Eventually, that poor person was my then-best friend, Jim, who would later kill himself over his parent's divorce, doing so in the 9th grade. I used to run into him on the paper route, trudging back down Pennbrook Way past all the houses I delivered to.
I drove past my old house, too, still remarkably similar to the way it looked when I lived there, nestled between what used to be the Wizners house on the left and the Barquists' house on the right. The Barquists moved after they got a divorce, and my other then-best-friend Paul went to live in Michigan, and their house got bought by the Riedis, who had a young son named Lucas. Lucas was two years younger than my little sister and used to come to our house to watch He Man because his parents wouldn't let him watch it in their house, but the green house was always the Barquists, of course, even after they moved, just as the yellow house between the Barquists and the Wizners was always the Pagels' house, no matter that the people who live there now probably don't know who all those people are.
Some things are always there even when they're not. Forever, I will always have lived in the yellow house at 440 Hartwood Lane, right next to the Field and the Swamp, both of which are gone now, and just a mile outside of the city of Hartland, which is still there and will have always been there. I drive through it sometimes, to see what it's like now, but what it's like now doesn't matter so much because what matters, I think, is what it was like then and apparently what it will be like forever, for so long as I'm alive and can remember these things.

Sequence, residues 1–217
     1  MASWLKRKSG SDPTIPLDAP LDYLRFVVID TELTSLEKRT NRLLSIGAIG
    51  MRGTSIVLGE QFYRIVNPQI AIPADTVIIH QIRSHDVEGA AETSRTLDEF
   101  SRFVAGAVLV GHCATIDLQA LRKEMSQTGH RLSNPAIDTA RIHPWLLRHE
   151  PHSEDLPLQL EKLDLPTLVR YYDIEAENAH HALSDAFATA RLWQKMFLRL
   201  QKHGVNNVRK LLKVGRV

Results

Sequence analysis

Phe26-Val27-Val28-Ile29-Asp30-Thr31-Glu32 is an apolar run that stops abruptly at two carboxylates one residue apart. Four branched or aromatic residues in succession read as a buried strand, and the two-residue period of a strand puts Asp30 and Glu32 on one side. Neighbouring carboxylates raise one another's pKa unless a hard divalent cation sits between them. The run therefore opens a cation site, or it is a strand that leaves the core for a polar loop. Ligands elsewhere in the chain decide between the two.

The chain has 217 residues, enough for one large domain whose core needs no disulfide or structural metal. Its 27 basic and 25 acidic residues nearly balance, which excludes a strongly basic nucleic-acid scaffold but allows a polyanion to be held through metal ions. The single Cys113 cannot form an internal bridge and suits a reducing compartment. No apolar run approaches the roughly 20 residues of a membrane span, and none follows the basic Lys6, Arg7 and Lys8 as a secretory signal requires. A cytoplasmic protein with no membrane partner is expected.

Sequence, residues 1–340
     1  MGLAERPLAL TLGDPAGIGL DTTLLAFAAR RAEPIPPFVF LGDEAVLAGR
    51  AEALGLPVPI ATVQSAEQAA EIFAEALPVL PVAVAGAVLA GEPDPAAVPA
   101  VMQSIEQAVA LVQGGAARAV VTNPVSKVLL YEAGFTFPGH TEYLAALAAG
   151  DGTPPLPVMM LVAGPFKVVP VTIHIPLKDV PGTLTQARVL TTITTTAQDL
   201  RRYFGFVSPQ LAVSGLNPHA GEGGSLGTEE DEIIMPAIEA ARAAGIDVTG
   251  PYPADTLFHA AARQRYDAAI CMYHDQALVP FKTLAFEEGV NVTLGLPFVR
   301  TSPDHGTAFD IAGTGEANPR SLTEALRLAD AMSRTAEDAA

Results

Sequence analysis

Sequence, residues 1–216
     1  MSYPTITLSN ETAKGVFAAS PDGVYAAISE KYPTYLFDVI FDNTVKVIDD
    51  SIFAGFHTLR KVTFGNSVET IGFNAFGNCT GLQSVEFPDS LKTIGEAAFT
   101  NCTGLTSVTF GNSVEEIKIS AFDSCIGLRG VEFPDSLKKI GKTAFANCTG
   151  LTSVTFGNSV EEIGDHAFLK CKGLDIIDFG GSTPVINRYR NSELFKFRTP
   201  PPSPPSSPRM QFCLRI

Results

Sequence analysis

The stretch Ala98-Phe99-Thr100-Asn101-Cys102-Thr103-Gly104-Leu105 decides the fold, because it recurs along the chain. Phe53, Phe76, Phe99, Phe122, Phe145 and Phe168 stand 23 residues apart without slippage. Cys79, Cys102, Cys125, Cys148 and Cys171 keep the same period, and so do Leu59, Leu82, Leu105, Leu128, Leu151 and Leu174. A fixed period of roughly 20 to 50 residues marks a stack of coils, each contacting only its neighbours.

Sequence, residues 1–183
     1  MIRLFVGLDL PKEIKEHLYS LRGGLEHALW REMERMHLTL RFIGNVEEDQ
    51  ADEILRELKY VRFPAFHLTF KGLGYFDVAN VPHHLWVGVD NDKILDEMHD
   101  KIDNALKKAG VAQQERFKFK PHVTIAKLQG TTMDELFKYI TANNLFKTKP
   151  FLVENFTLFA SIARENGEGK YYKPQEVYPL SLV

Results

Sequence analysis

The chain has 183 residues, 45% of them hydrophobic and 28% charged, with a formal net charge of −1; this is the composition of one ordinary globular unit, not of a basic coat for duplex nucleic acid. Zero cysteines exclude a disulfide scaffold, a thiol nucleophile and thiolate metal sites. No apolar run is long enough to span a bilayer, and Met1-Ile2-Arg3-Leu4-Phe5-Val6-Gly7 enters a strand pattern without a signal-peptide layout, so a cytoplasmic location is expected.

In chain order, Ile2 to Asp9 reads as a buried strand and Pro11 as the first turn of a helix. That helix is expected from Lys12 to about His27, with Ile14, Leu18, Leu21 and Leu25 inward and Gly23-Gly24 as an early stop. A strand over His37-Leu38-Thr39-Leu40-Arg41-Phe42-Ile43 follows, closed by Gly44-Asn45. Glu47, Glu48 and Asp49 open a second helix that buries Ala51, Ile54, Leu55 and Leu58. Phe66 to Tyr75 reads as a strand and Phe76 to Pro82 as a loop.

But, worried about my memory -- so many things to remember, I can't even recall my current ZIP code -- I decided I'd start writing those, down, too. Cameras can't catch a picture of the view of Holy Hill from the top of Hartland, because cameras can only take a picture of what things look like now, not what things looked like then and then and then and a little while after that. Cameras can't snap a shot that somehow includes how hard it was to ride a bike up that hill, the climb so tough that we decided not to include it in the subdivision-wide bike races we set up the summer Breaking Away was shown on regular TV. Cameras can't fit into the frame the twisting route one takes to get from Castle Park through Imperial Drive to go up that hill, and cameras can't look just a little to the left, out of the frame, to see the Canyon and the Pine Tree and Kill Hill and the rest, things that are barely visible from the hill on top of Hartland but which are obvious to anyone who lived there.
And so I'm going to write it down, and hope that the words can keep what my memory might not, and share what pictures can't.
Because I love Hartland, where I grew up once, and others might, too.